In a new study from OpenView Venture Partners (available here for the price of your contact information), 39% of IT buyers said they rejected outreach from an IT vendor sales person simply because they were not interested in the product or service.  The following chart shows buyer opinion on six other reasons and how buyers’ answers compare to those of sales people.

 

Why-Buyers-Reject-Sales-Outreach

“Not interested” means we are either targeting the wrong market or we haven’t done a good job of telling our story.

Why are we so off base?

The report suggests that vendor messaging misses the mark because sales and marketing people don’t really understand how sales opportunities originate. According to OpenView, this leads to misinterpreting other issues in the buying process and we end up developing value propositions that do not resonate with buyers’ needs or pain points.

For example, the study suggests that buyers are not quite as driven by key corporate objectives and management mandates as conventional wisdom indicates. Instead, they are more interested in replacing a solution that isn’t working well, researching a market or bringing about major change in their organization.

Why-Buyers-Reach-Out-to-Sales

OpenView concludes that “creating highly relevant content for each stage in a buyer’s journey – rather than focusing on a buyer’s corporate objectives – is the real key to a more effective and efficient sales process”. And to do this “… you must invest time to truly understanding how and why a buying process starts, as well as other factors that actually move buyers through their journey”.

Fine. But how do we do that?

Let buyers tell you on LinkedIn

Not only is LinkedIn the largest B2B networking site on the planet, it’s bursting with IT buyers – including your buyers. And 75% of them are willing to connect with vendors on LinkedIn. If you’re doing things right you won’t find it hard to get their honest input.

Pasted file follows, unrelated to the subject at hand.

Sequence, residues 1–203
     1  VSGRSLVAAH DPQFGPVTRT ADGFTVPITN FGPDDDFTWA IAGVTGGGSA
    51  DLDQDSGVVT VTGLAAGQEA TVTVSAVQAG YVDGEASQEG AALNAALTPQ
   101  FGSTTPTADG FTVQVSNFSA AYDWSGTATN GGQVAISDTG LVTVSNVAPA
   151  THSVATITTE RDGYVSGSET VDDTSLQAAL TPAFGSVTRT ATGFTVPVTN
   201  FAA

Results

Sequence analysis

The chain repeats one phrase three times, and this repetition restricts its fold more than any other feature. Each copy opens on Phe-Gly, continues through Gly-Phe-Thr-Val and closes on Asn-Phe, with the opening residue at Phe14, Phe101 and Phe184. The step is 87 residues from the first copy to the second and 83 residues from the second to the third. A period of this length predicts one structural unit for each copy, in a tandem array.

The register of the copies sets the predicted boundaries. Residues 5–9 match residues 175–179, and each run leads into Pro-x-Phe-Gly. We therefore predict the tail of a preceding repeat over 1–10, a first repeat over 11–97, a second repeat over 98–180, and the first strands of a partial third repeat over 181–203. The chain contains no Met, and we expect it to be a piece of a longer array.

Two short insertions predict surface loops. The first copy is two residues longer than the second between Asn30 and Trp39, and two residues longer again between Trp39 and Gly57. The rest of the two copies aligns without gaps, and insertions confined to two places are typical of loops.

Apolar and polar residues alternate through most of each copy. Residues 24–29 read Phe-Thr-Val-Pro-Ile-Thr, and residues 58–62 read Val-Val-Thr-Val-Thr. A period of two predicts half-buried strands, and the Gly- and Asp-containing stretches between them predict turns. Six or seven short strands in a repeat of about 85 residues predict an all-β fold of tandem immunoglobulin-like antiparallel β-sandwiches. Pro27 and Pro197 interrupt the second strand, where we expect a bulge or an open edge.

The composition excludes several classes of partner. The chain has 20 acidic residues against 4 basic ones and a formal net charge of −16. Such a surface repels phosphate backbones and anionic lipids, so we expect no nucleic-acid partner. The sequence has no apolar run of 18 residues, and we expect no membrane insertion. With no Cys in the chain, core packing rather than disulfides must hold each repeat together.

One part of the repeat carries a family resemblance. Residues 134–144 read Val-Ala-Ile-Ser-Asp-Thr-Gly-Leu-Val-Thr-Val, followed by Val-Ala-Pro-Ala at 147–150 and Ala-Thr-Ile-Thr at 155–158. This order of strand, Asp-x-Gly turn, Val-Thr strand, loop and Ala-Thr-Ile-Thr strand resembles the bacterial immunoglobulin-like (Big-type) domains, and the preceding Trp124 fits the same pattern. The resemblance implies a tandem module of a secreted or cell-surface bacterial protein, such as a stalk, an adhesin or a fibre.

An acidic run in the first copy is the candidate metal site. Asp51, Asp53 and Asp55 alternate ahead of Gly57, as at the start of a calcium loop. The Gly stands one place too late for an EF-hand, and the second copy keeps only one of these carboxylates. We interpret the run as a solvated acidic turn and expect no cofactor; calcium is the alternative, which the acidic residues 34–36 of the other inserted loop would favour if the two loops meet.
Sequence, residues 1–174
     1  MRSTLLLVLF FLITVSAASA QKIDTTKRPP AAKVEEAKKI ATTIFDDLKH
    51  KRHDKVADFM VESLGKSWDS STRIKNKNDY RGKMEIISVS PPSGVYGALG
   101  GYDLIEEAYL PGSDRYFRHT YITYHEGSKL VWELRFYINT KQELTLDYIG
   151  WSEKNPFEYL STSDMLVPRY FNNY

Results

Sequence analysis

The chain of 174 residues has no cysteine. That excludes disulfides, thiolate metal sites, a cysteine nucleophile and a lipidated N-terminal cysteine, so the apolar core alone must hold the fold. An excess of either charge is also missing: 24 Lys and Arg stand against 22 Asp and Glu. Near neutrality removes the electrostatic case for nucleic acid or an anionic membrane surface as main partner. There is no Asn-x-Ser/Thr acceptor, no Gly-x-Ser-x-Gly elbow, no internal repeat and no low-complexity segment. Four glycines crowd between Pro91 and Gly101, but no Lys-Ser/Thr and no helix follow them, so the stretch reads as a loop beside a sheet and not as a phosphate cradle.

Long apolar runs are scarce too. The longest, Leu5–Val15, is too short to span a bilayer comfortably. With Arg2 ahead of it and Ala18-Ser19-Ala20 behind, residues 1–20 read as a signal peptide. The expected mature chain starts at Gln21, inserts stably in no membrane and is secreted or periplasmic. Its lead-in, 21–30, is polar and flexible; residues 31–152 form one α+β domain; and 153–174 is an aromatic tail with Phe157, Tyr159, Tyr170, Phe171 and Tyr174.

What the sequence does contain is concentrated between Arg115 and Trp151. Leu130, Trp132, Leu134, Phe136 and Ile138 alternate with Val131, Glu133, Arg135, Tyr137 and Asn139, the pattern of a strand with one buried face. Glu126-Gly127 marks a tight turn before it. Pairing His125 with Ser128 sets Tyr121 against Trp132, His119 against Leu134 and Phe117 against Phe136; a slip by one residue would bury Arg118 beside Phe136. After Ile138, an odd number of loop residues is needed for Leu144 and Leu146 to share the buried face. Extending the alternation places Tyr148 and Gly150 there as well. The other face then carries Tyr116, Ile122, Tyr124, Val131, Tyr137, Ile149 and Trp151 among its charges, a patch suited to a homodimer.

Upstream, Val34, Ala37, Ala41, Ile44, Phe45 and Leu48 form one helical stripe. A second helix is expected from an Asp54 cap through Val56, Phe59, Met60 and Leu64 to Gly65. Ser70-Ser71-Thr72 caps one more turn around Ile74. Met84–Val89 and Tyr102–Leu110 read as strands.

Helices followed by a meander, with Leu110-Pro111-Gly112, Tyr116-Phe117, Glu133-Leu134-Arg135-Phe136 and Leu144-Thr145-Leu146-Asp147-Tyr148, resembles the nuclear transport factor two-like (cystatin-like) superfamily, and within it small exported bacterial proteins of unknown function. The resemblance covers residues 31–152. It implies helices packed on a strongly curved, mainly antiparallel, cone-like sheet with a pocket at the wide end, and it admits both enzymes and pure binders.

LinkedIn offers you several good ways to test messaging – and other assumptions – fast and inexpensively, even free. There are two ways to approach it. Here’s a quick look at those:

  • Ask. Send a message to your relevant connections asking what they’re struggling with or if a certain problem is on their radar. Post a discussion in appropriate groups. If you need to, you can expand your reach via InMail; but beyond a handful you’ll have to pay for these. (Technically, you can post a poll in a group, but we haven’t found these to be very useful. UPDATE – As of May 2014, LinkedIn is discontinuing polls in groups.)
  • Test. See if your current or considered message gets prospects to take action. You can do this by sending messages and posting in groups. You can also run a quick ad campaign and test a few ideas to see what response you get.

You can gain even more insight with the use of social media management platform Oktopost, which is what we use for our clients. Use Oktopost to post discussions in various groups and it will tell you which topics are of greatest interest to the members. This not only helps you refine your messaging, it helps you plan and develop content your buyers want to see.

I don’t know of any other network or marketing tactic that will get you so much good information so quickly as you can get via LinkedIn. Just another reason the most successful software and IT marketers are taking LinkedIn so seriously.